Updated: Oct 2
If you work out on a regular basis, chances are that you have a goal to obtain more muscle definition. This isn’t easy to achieve if you’re not eating enough protein, which is a macronutrient that supports muscle growth and provides structure to your cells and tissues. Everyone has different protein needs, and making sure you’re getting enough in your diet requires some careful planning.
The recommended dietary allowance (RDA) for protein is 0.8 grams per kilogram body weight. Although this is a good place to start, it’s really the bare minimum amount of protein you need to support basic life needs. If you’re sedentary, 0.8 grams per kilogram body weight might be enough – but the truth is that many of us incorporate some sort of exercise or movement into our days, which increases the amount of protein our bodies require.
For those who workout on a regular basis, 1.0-1.5 grams of protein per kilogram body weight is a reasonable goal to strive for. Extreme athletes need even more. It’s also important to consider the percentage of calories that you consume from protein. In general, if you’re active you should aim to consume 15-25% of your daily calories from protein.
Here’s an overview of recommended protein needs:
Minimum Need: 0.8 g / kg body weight
Physically active and/or goal to change body composition: 1.0-1.5 g / kg body weight
Extreme athlete (training most days of the week): 2.0 g /kg body weight
Example protein calculation: A 150 pound female who is physically active 7 days/week, engages in vigorous workouts 5 days/week, and aims to consume 2500 calories each day needs approximately 102-125 grams of protein.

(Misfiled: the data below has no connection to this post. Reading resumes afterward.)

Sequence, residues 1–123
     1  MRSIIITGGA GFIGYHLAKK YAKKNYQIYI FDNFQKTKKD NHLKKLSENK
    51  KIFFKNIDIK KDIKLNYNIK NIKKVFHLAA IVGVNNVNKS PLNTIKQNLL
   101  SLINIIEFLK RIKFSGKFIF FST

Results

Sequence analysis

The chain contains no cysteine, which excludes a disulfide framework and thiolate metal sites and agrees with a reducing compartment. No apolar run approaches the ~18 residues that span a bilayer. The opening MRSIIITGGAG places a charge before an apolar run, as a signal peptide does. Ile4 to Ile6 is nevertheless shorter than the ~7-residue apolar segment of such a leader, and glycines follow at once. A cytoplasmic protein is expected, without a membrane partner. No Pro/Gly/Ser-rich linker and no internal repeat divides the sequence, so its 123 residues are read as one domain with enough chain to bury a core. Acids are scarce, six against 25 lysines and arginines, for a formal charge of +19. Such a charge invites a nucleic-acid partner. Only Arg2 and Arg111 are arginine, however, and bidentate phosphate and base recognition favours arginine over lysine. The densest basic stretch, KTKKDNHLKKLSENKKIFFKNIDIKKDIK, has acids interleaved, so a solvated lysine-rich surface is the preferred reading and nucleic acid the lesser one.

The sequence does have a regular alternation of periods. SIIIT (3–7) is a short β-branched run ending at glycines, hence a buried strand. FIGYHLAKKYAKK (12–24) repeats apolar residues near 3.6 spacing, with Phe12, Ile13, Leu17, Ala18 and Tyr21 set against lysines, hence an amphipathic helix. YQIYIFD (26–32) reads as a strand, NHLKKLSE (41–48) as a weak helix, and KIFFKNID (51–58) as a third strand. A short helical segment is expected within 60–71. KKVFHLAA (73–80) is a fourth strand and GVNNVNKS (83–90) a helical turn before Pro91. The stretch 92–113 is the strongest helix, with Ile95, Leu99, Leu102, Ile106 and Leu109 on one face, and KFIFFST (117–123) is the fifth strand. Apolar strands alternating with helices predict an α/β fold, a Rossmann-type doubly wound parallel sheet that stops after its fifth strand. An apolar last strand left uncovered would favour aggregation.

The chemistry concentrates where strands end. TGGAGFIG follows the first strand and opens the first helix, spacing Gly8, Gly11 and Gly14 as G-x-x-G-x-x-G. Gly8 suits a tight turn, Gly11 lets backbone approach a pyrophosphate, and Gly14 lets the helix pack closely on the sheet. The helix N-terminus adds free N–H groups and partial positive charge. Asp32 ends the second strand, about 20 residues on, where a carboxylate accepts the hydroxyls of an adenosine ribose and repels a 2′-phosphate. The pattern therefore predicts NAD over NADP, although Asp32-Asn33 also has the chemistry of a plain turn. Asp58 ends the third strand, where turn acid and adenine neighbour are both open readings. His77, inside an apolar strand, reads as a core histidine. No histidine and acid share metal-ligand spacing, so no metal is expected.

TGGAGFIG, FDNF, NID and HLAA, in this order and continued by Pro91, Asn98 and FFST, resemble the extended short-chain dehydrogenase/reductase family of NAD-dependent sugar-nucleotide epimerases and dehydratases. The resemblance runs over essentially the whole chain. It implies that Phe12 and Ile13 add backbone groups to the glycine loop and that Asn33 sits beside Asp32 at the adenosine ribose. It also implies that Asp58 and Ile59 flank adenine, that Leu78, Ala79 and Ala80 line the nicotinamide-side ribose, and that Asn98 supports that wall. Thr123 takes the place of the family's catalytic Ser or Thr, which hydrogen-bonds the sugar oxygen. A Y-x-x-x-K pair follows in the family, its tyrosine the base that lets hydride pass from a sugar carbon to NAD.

20% of 2500 calories = 500 calories / 4 (calories/gram) = 125 grams
150 lb / 2.2 (kg/lb) = 68.18 kg x 1.5 grams= 102 grams
Now the question is how to obtain the recommended amount of protein in your diet. It’s important to mention that our bodies can’t absorb more than 20-30 grams of protein in one sitting, so trying to obtain all the protein you need in one shake or bar isn’t going to cut it. Instead, you need to plan your meals and snacks appropriately. For most people, it’s necessary to eat 3 meals per day that contain up to 30 g protein, and 1-2 snacks that provide up to 20 g protein in order to meet recommended protein needs.
All of these recommendations are a great place to start as far as protein intake. However, protein needs are highly individualized and it’s important to work with a nutrition professional to nail down your exact requirements.
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